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U.S. Marine Corps Lance Cpl. Haideeth Porras, a San Diego native and an embarkation and logistics specialist with III Marine Expeditionary Force Support Battalion, III Marine Expeditionary Force Information Group shares her experiences in the Marine Corps and her first time in South Korea on U.S. Army Garrison Casey, Gyeonggi, South Korea, Feb. 4, 2023. The Fallbrook Union High School graduate participated in Bushido Strike 23 on her second rotation in the Republic of Korea. III MSB is is conducting Bushido Strike 23, which comprises training events including a Marine Corps combat Readiness Evaluation in South Korea to validate its mission essential tasks of providing combat service support, security and administrative services to III Marine Expeditionary Force.

Photo by Staff Sgt. Manuel Serrano

Still Breathing: III MSB Marine Returns to South Korea, Shares Lessons Learned

16 Feb 2023 | Cpl. Cesar Alarcon The Official United States Marine Corps Public Website

The most important thing Marines learn in recruit training is to adapt and overcome. For Lance Cpl. Haideeth Porras, this is a lesson she would face first-hand sooner than expected.

Porras is a logistics and embarkation specialist with III Marine Expeditionary Force Support Battalion. The Fallbrook Union High School graduate, Fallbrook, CA, participated in Bushido Strike 23, a training event conducted in South Korea to evaluate III MSB’s combat readiness. This was not Porras’ first time in the Republic of Korea.

“The first time I was in South Korea was from July to September to support the Combined Forces Command, Combined Command Post Training,” said Porras. “As an embarkation specialist, I focus on deployment and redeployment. I get things moving.”

Logistics and embarkation specialists facilitate the transport of mission-essential resources, including ammunition, equipment, food, fuel and personnel. Embarkation specialists travel often, which is one aspect that attracted her to enlist in the Marine Corps in October 2020.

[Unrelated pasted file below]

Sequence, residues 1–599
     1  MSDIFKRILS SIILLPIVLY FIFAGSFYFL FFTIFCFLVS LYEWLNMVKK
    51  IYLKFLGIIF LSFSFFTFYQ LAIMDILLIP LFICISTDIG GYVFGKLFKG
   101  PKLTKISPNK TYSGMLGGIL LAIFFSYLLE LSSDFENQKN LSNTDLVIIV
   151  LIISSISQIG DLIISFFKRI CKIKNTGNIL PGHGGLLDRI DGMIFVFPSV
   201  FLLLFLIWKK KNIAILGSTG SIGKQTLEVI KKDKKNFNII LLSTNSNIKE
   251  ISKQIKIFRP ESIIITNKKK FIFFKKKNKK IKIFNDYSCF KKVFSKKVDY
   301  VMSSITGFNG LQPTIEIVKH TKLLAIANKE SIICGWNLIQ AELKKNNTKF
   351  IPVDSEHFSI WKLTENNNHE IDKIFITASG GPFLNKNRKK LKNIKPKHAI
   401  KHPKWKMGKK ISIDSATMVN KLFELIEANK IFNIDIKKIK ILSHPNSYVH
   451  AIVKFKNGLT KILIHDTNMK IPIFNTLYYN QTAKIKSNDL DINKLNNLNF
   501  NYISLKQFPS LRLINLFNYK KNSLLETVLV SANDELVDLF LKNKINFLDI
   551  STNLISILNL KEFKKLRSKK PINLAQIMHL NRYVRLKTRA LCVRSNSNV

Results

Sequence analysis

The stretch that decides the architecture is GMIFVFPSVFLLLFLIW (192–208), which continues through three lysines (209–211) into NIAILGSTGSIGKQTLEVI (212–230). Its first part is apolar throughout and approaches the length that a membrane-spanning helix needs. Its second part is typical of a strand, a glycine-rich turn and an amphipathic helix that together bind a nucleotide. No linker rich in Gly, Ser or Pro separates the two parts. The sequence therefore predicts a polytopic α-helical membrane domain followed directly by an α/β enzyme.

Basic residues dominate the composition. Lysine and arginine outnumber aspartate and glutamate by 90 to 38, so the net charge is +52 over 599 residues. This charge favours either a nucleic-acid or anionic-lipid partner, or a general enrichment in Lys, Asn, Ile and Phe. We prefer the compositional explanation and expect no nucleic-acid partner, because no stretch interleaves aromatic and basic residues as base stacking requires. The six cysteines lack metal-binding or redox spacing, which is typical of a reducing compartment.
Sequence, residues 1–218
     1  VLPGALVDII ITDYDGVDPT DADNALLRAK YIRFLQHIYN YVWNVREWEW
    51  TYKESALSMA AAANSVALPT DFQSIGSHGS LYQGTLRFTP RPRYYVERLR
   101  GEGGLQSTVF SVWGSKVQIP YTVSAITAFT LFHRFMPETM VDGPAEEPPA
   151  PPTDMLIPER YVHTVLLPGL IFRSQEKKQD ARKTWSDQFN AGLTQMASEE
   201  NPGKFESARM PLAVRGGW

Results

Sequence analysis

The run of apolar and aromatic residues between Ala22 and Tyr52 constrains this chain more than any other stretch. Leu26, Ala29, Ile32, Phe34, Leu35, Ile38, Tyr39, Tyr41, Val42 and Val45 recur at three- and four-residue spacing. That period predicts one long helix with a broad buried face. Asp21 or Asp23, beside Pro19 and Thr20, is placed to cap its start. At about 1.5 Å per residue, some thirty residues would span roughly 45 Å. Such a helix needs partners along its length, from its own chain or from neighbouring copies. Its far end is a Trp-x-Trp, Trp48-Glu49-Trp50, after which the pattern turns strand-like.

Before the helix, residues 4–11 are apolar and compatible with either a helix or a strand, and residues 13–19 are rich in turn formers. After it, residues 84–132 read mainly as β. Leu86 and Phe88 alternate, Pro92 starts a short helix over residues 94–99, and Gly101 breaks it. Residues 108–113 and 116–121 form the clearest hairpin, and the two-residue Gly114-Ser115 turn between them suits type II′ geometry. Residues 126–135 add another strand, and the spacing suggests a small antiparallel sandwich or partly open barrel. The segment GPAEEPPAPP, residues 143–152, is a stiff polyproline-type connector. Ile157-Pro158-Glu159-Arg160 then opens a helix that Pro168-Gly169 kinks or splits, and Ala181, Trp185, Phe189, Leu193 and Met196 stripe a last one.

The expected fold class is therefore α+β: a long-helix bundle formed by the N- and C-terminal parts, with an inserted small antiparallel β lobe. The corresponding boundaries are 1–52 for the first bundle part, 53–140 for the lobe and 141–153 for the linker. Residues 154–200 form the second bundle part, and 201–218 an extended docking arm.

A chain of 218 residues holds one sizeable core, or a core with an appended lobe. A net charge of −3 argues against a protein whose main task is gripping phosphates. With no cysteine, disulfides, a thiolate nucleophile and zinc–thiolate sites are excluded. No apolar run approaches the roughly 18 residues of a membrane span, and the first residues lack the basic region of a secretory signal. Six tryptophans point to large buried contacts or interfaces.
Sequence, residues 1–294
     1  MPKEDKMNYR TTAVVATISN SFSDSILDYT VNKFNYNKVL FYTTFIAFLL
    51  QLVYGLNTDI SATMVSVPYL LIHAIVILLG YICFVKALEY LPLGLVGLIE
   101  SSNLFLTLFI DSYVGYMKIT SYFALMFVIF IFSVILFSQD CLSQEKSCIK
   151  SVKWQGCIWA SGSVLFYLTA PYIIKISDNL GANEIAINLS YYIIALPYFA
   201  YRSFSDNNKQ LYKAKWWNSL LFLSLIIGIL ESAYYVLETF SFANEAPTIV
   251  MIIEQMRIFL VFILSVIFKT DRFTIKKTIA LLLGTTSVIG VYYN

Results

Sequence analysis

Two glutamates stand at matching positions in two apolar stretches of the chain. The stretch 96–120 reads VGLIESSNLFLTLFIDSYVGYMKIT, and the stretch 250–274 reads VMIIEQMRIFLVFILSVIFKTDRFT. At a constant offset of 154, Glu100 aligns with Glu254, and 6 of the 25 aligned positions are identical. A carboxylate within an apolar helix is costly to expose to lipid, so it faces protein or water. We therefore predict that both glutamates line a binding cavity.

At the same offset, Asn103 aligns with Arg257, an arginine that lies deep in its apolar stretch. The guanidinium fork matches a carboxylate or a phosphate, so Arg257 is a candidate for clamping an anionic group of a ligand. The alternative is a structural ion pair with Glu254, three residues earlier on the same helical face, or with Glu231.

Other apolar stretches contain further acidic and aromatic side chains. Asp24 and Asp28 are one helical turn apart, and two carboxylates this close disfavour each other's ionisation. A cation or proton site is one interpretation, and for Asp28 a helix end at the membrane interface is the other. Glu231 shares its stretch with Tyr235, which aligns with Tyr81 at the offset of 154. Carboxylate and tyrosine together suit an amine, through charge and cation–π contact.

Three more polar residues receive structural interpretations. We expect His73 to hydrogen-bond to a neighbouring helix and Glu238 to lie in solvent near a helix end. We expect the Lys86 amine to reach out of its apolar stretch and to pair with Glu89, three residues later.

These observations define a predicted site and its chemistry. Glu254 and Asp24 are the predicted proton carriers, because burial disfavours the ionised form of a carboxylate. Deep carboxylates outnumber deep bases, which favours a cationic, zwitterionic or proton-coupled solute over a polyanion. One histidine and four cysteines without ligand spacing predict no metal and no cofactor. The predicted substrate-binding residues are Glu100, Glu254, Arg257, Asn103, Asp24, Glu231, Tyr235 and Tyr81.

Porras decided to enlist early on in her life. As a kid growing up in sunny San Diego, California, she was captivated by the Marine Corps’ culture of discipline and professionalism. She saw Marines walking in their uniforms. She pictured herself wearing the iconic Marines’ uniform.

As a junior in high school, she completed the Marine Corps Junior Reserve Officers’ Training Corps program. She told her parents about her desire to serve in the military. Her father supported her decision, but her mother had concerns. She eventually convinced her parents for written permission to join at the age of 17 and soon, she was on her way to Marine Corps Recruit Depot Parris Island, South Carolina.

“I always knew I wanted to join the military, then branch off and maybe become a police officer,” said Porras. “I kind of forced my parents into signing. I told them if they didn’t sign, they would only be delaying the process for a year. I left for boot camp two or three months after I graduated high school.”

Instead of opting to be stationed in California, Porras took the opportunity to travel. She decided to request orders for overseas service in Okinawa, Japan. South Korea was her first time traveling out of Japan. South Korea would be the first country other than Japan she would set foot in, except it was all business. This was also her first test as an embarkation specialist.

“Being alone for the first time with so many pieces of gear made me learn how to adapt to certain situations,” said Porras. “It was stressful – it was very stressful. But I had a good team, and they were willing to help.”

After a successful exercise, she was set to leave on September 29. But the date for her return kept getting pushed back. Unexpected inclement weather played a big part in the delayed travel and suddenly made her job more difficult than she anticipated.

In early September 2022, Typhoon Hinnamnor landed on the eastern part of South Korea. It flooded the city of Pohang, where Camp Mujuk is located. Eleven people were killed when the storm made landfall, seven of whom were in Pohang, according to BBC News. As efforts were made to clear the rubble in the city, 50 Marines and Sailors from Camp Mujuk, the Marine Corps’ only South Korean installation, joined together with nearly 200 Republic of Korea Marines to help with the crisis, according to Stars and Stripes news.